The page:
Tokenization: What is it?


The process of creating a digital token on a blockchain is known as tokenization.

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With fits and starts, we’re making our way toward the next phase of the internet. According to some, Web3 holds the promise of a new, decentralized internet that is run by users via blockchains as opposed to companies with an eye toward profit. However, it hasn’t been smooth sailing. A significant obstacle was the 2022 cryptocurrency market crash, which was brought on by a number of cryptocurrency failures and well-publicized fraud cases. The public’s interest in Web3 players is growing, and regulators are paying more attention to them.

But cryptocurrency is just one aspect of Web3. The way we trade concepts, knowledge, and money might be altered by blockchain technology, smart contracts, and digital assets, the latter of which are produced through a procedure known as tokenization. There is substantial benefit for early adopters and businesses.

To put it precisely, tokenization is the process of creating a digital token on a blockchain that is usually private. Physical assets like real estate or artwork, financial assets like stocks or bonds, intangible assets like intellectual property, and even identity and data might be considered among these assets. Multiple kinds of tokens may be produced by tokenization. One example of a cryptocurrency that is fungible, or repeatable, is a stablecoin, which is based on actual money. An additional kind of token is an NFT, or nonfungible token, which is a digital evidence of ownership that anyone may purchase and trade.

Tokenization has a lot of possibilities. Experts in the field predict that by 2030, the volume of trade in tokenized digital assets might reach $5 trillion.

Since its debut in 2017, digital asset tokenization has generated a lot of anticipation. However, despite the high expectations, it hasn’t really taken off yet. Slow progress is being made: on its distributed ledger platform, US-based financial infrastructure company Broadridge currently processes over $1 trillion each month.

We’ll go into tokenization’s operation and its implications in this piece.

Which technological platforms enable Web3?

Prior to go further into tokenization, let us clarify a few points. As we’ve seen, Web3 is a novel kind of internet that is based mostly on three technologies:

blockchain. A blockchain is a decentralized, digitally distributed ledger that is present throughout a computer network and makes transaction recording easier. A new block is made and added permanently to the chain whenever fresh data are uploaded to a network. After then, the modification is reflected on all blockchain nodes. This indicates that there isn’t a single point of failure or control in the system.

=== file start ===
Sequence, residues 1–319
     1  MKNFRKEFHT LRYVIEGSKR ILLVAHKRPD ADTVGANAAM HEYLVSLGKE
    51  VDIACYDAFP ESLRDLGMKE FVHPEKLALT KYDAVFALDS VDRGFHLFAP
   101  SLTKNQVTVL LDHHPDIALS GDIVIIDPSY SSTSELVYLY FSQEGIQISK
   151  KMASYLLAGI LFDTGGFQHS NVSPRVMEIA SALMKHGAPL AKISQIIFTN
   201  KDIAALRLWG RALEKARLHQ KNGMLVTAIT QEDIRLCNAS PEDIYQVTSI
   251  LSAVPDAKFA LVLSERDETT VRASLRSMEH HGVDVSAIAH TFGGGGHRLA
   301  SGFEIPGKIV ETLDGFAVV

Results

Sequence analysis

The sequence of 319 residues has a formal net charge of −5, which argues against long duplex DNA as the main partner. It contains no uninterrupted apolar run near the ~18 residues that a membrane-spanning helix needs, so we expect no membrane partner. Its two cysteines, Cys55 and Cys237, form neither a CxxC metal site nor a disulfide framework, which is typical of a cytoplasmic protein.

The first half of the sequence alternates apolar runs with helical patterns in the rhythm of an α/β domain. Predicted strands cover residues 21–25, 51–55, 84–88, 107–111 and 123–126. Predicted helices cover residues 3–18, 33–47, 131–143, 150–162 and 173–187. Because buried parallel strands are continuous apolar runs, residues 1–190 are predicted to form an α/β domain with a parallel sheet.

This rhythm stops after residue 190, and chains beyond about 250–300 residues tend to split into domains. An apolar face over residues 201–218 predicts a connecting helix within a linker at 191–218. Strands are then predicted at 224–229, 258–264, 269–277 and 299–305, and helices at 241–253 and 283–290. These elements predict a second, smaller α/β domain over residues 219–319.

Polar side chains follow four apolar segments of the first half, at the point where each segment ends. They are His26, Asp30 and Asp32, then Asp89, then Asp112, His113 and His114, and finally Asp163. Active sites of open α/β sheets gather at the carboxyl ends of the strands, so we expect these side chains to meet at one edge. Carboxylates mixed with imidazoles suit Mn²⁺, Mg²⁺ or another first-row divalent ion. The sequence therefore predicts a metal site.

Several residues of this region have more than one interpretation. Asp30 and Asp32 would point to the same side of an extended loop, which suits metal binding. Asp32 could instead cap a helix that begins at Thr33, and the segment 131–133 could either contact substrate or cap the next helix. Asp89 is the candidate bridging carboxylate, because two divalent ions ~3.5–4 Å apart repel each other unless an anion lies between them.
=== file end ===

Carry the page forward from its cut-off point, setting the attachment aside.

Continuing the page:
contracts with smarts. Smart contracts are computer programs that, when certain requirements are satisfied—such as terms agreed upon by a buyer and seller—automatically take action. On a blockchain, smart contracts are created in unchangeable code.

Tokens and digital assets. These are valuable objects that can only be found digitally. NFTs, central bank digital currencies, stablecoins, and cryptocurrencies are a few examples of these. Tokenized copies of assets, such as actual items like artwork or concert tickets, may also be included.

As we’ll see, these technologies work together to facilitate several tokenization-related innovations.

What possible advantages can tokenization offer to companies that provide financial services?

Tokenization, according to several industry executives, has the potential to completely change the way capital markets and financial services are organized by enabling asset holders to benefit from blockchain’s round-the-clock operations and data accessibility. Additionally, blockchain provides higher levels of automation and speedier transaction settlement (via embedded code that activates only under specific circumstances).

The following are some possible advantages of tokenization, however large-scale testing is still needed:

quicker transaction settlement driven by round-the-clock accessibility. Currently, the majority of financial settlements take place two business days (T+2) following the execution of the deal; this is done, presumably, to provide each side enough time to organize their cash and paperwork. Tokenization allows for instantaneous settlements, which in high-interest rate conditions might result in large savings for financial organizations.

Savings on operations, made possible by asset programmability and round-the-clock data access. This is especially helpful for asset types like corporate bonds, whose issuance and servicing are frequently done by hand and are therefore prone to errors. Automating tasks like interest computation and coupon payment by integrating them into the token’s smart contract would reduce the need for manual labor.

democratization of entry. Financial service firms may find it more profitable to handle smaller investors if they streamline manual procedures that require a lot of labor. However, tokenized asset distribution will need to expand greatly before genuine democratization of access can be achieved.

Thanks to smart contracts, transparency has increased. Tokens produced on a blockchain with embedded sets of instructions known as smart contracts have the ability to self-execute under certain circumstances. A smart contract for carbon credits is one example, as blockchain technology may offer an unchangeable and transparent record of credits even throughout their trading.

more affordable and adaptable infrastructure. Since blockchains are open source, they are by nature less expensive and simpler to update than the infrastructure used by traditional financial institutions.